Acute unilateral obstructive uropathy
Acute unilateral is a sudden blockage in one of the tubes (ureters) that drain urine from the kidneys.
- Acute bilateral obstructive uropathy
- Chronic unilateral obstructive uropathy
- Chronic bilateral obstructive uropathy
- Obstructive uropathy
Obstructive uropathy - unilateral - acute; Ureteral obstruction
Causes, incidence, and risk factors
Unilateral obstructive uropathy is most often caused by a kidney stone, although injury or other conditions could cause the disorder.
When urine flow is blocked, it backs up into the kidney. This leads to kidney swelling, also called hydronephrosis.
You have a greater risk for unilateral obstructive uropathy if you have ureteral stones and tumors, kidney stones, and tumors in nearby body structures such as the uterus and cervix.
Acute unilateral obstructive uropathy occurs in 1 in 1,000 people.
- Abdominal pain, right or left lower quadrant
- Abnormal urine color (tan, cola colored, tea colored)
- Back pain, may be on only one side
- Blood in the urine
- Flank pain or pain in the side
- Severe enough to require strong pain medicine
- Pain on one side; it may move to the groin, genitals, and thigh
- Pain comes and goes; intensity changes over minutes
- Foul-smelling urine
- High blood pressure that has increased recently (within 2 weeks)
- Mental status changes
- Urinary frequency
- Urinary urgency
- Urinary tract infection
Signs and tests
The health care provider will perform a physical exam. Pressing with the fingers on (palpation of) the belly area may reveal a swollen or tender kidney. Blood pressure may be high.
The following tests may be done:
- Basic metabolic panel
- Complete blood count (CBC)
- Urine culture
Kidney swelling or blockage of the ureter may be seen on these tests:
The goal of treatment is to relieve or reduce the blockage.
Antibiotics may be given if there is a urinary tract infection.
Stents or drains placed in the ureter or nearby area may provide short-term relief of symptoms. Surgery to repair the underlying cause of the obstruction will usually cure the problem.
Kidney surgery, including removal of the kidney (nephrectomy) may be needed if kidney function is poor or if there is a bad infection.
The outcome varies. The disorder may result in permanent damage to the kidney. However, kidney failure usually does not result because the second kidney continues to function.
- Chronic or recurrent urinary tract infection
- Chronic unilateral obstructive uropathy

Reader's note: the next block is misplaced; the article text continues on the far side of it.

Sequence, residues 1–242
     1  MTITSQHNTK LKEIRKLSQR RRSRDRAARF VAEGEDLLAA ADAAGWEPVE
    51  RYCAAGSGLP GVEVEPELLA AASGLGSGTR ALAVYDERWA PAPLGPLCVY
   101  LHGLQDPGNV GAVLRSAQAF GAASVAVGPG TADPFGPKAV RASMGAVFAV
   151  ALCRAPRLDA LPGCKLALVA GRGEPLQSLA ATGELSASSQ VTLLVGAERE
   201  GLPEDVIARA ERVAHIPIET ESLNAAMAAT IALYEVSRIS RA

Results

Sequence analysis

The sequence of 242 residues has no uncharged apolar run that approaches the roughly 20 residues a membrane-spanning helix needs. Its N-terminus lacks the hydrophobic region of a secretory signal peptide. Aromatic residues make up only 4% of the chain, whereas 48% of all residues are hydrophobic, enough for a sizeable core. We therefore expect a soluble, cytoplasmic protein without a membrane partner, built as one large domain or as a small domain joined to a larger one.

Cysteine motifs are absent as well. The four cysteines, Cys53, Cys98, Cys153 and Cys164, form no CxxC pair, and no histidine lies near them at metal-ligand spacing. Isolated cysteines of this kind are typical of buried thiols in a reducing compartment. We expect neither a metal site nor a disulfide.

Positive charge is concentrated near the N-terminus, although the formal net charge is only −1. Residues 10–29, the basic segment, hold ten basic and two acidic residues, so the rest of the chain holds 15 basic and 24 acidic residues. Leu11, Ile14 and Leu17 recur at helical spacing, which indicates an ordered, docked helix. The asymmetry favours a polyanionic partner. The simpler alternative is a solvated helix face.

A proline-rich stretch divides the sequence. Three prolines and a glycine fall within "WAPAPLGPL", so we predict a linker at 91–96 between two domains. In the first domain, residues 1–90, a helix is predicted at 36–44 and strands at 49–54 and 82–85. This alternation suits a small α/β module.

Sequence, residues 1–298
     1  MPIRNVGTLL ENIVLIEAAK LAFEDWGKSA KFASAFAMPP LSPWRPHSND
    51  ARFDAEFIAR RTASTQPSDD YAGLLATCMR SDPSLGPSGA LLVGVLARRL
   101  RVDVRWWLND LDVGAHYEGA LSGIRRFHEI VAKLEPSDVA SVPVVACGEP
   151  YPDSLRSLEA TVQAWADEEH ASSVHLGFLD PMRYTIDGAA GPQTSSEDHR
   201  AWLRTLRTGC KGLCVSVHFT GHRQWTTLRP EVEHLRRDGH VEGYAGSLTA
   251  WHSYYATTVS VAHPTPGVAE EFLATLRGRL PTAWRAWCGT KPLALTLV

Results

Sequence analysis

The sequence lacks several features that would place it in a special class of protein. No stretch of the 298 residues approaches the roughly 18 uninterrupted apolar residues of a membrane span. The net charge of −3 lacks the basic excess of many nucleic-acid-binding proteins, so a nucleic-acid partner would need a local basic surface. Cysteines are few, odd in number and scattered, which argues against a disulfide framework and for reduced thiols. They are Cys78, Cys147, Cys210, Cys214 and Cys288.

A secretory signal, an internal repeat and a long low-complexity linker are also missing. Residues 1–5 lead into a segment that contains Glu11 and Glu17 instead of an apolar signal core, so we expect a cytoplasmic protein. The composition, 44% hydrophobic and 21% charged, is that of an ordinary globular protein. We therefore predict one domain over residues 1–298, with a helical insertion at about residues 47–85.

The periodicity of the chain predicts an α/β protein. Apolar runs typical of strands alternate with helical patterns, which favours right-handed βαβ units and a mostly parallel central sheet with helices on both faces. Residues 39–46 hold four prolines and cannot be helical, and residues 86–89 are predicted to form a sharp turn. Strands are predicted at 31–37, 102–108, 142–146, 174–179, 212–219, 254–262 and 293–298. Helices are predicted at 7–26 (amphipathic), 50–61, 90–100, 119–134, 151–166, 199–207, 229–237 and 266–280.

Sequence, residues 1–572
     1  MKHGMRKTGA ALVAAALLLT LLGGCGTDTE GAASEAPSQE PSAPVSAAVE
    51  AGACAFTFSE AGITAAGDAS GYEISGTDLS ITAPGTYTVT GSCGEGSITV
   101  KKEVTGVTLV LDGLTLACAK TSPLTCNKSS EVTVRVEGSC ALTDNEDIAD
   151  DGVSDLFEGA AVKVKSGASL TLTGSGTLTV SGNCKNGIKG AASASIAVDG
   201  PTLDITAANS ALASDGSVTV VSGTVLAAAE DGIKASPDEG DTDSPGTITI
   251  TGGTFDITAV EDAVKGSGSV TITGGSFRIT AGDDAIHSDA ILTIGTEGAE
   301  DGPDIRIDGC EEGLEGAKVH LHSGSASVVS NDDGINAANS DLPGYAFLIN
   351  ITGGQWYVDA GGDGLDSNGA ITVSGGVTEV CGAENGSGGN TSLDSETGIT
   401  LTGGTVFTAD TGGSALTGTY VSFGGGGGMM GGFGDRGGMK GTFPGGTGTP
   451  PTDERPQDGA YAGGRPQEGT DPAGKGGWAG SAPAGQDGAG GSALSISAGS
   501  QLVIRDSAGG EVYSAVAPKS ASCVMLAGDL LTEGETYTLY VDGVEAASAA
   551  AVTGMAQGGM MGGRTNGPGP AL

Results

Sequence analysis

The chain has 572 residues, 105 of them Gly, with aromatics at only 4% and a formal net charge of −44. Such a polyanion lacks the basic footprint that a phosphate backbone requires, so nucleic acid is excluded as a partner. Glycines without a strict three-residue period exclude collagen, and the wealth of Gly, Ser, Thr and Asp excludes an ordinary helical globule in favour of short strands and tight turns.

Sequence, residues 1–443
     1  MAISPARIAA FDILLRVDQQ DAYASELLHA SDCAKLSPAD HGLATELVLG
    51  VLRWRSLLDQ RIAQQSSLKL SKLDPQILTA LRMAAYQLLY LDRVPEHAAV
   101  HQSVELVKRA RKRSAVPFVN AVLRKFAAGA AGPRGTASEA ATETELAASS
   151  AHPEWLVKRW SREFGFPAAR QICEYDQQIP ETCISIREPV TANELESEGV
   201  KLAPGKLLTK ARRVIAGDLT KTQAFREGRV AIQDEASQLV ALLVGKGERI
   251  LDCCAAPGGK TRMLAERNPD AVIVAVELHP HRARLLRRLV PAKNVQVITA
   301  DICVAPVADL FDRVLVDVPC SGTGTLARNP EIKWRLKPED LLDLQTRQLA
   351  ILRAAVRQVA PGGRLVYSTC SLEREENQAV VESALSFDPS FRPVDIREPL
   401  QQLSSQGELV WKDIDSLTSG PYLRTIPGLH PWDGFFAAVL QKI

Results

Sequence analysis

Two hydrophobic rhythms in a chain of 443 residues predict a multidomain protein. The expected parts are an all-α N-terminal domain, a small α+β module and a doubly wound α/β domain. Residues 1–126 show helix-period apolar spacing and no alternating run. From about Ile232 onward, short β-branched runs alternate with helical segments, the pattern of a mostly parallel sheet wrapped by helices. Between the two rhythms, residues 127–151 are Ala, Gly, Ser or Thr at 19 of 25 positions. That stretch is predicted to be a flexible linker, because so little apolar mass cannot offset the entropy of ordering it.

- Permanent failure of the affected kidney (chronic renal failure)
Calling your health care provider
Call your health care provider if you develop flank pain or other symptoms of acute unilateral obstructive.
Call your health care provider if symptoms worsen during or after treatment, or if new symptoms develop.
If you are prone to kidney stones, drink plenty of water (6 to 8 glasses per day) to reduce the chance of their formation.
A diet low in salt (sodium) and oxalate and high in citrate significantly reduces risk of developing calcium-type kidney stones. Reducing how much calcium you get usually is not helpful. Talk to a nutritionist for more information on such diets.
Seek medical attention if kidney stones persist or come back to identify the cause and to prevent new stones from forming.
Peters CA. Perinatal urology. In: Wein AJ, ed. Campbell-Walsh Urology. 9th ed. Philadelphia, Pa: Sauders Elsevier; 2007: chap 109.
Pais VM, Strandhoy JW, Assimos DG. Pathophysiology of urinary tract obstruction. In: Wein AJ, ed. Campbell-Walsh Urology. 9th ed. Philadelphia, Pa: Sauders Elsevier; 2007: chap 37.
Hsu THS, Streem SB, Nakada SY. Management of upper urinary tract obstruction. In: Wein AJ, ed. Campbell-Walsh Urology. 9th ed. Philadelphia, Pa: Sauders Elsevier; 2007: chap 38.
Frokiaer J, Zeidel ML. Urinary tract obstruction. In: Brenner BM, ed. Brenner and Rector's The Kidney. 8th ed. Philadelphia, Pa ; Saunders Elsevier; 2007: chap 35.
Last reviewed 3/17/2011 by Linda J. Vorvick, MD, Medical Director, MEDEX Northwest Division of Physician Assistant Studies, University of Washington, School of Medicine; Louis S. Liou, MD, PhD, Chief of Urology, Cambridge Health Alliance, Visiting Assistant Professor of Surgery, Harvard Medical School. Also reviewed by David Zieve, MD, MHA, Medical Director, A.D.A.M., Inc.
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